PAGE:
Māori and Biotechnology: An Ongoing Conversation

Symon Palmer - IIRC20
Thursday, November 19, 2020

Aotearoa is faced with declining bioheritage due to invasive species and biosecurity threats. Recognising this, the government has set a target of becoming predator free by 2050. However current pest management tools depend on manual labour or broad-spectrum poisons that lack landscape scale. The BioHeritage National Science Challenge has invested in research to address these issues. Our research so far has considered invasive invertebrates, specifically, the German and common wasp, which cost the New Zealand economy an estimated $133 million annually. Māori are invested in primary industries said to benefit from the control of wasps, and as Treaty partners, play an enduring and critical role in managing our natural environment.

While some advancements have been made in pest management tools, a ‘stepchange’ will be required for Aotearoa to become predator free. Biotechnologies are one possibility but are contentious historically to Indigenous peoples globally. Internationally, technological advancements like CRISPR Cas-9 are developing at pace across industries such as health, agriculture and bioenergy. Indigenous peoples must continue to engage and guide on these complex issues.

In our research, three mixed-method studies were conducted, including ranking exercises, Q-method, focus groups and interviews. We sought and examined Māori perspectives on the potential use of several novel biotechnologies in pest wasp management. Participants included Māori businesses, university students thinking and writing on these topics, and religiously or spiritually affiliated tangata whenua. Across these studies, participants expressed that ‘doing nothing’ about wasps was the worst possible option, a view consistent with kaitiakitanga. A spectrum of views were expressed, including opposition to and interest in new technologies. Participants saw the benefits of some kinds of technology over others, favouring demonstrably safe, effective, ‘natural’ and tikanga-friendly controls. Risk, trust and communication of biotechnologies surfaced as major barriers. Participants made strong connections to tikanga and rangatiratanga to inform their responses.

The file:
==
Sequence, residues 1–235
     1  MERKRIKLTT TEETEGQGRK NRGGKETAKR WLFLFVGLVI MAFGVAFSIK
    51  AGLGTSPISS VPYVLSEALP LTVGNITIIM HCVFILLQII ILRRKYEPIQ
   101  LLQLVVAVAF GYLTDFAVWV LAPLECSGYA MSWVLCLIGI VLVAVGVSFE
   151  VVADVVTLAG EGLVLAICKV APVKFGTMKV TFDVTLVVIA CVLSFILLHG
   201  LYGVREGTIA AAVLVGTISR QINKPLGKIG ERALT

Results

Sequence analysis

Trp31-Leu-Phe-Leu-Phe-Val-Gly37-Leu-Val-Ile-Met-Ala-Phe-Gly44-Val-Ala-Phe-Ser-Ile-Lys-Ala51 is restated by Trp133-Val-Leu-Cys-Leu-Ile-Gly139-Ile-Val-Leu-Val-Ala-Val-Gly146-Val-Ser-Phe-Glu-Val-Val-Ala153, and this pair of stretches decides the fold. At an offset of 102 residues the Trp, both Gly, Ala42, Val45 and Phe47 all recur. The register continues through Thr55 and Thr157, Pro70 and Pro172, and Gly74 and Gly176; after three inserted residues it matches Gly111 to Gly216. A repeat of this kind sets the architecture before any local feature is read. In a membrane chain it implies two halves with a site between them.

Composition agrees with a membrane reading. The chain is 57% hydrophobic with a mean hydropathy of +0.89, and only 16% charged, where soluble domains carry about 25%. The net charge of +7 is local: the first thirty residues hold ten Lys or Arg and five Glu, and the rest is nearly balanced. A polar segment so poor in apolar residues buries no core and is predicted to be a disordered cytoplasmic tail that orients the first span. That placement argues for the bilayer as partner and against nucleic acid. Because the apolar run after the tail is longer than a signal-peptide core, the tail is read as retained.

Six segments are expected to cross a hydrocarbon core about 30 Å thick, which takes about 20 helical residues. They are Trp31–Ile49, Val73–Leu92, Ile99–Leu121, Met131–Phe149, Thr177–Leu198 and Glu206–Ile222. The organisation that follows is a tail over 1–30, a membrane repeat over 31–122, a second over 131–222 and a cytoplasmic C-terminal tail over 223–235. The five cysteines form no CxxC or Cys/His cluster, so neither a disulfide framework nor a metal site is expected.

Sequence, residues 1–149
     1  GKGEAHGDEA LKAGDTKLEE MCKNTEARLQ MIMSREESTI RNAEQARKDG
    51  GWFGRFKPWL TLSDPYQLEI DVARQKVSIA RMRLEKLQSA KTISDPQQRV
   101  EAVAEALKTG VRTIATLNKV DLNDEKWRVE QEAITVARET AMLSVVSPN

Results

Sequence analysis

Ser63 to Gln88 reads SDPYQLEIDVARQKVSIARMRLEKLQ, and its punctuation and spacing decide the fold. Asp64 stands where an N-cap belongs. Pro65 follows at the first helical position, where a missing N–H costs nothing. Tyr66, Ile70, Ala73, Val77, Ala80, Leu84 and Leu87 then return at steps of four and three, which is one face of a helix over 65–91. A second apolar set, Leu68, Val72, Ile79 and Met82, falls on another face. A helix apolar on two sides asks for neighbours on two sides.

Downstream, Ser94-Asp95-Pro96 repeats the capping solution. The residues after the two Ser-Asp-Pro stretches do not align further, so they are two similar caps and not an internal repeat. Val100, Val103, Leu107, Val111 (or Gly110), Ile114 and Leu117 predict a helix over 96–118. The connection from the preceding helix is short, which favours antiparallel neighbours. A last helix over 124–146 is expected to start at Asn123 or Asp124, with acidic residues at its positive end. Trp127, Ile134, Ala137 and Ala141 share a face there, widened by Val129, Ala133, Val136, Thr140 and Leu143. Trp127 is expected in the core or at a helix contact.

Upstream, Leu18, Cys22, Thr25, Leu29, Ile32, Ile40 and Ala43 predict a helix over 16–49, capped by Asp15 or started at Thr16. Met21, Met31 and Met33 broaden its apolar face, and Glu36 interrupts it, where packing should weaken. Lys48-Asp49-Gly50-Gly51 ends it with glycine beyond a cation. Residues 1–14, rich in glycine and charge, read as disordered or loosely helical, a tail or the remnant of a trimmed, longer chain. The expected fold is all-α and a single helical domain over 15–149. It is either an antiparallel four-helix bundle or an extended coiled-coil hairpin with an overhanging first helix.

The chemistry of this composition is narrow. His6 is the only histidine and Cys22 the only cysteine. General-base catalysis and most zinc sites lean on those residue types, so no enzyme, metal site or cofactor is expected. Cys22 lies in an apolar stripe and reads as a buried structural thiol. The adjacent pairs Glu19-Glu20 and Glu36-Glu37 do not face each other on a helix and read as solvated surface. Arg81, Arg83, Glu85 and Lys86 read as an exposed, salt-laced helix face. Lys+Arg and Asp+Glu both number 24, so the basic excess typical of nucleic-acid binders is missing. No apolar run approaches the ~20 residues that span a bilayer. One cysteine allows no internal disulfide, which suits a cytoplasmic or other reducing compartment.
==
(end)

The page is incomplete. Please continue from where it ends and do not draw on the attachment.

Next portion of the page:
Two potential tools are surmised to be have the greatest potential in pest wasp and varroa mite management: RNAi and gene drive (CRISPR cas9). Thus, we will focus on these two novel technologies in this presentation, and present a ‘baseline’ of Māori perspectives on gene silencing and gene drive. This will illuminate the next steps required in research to contribute to this emerging discussion. 

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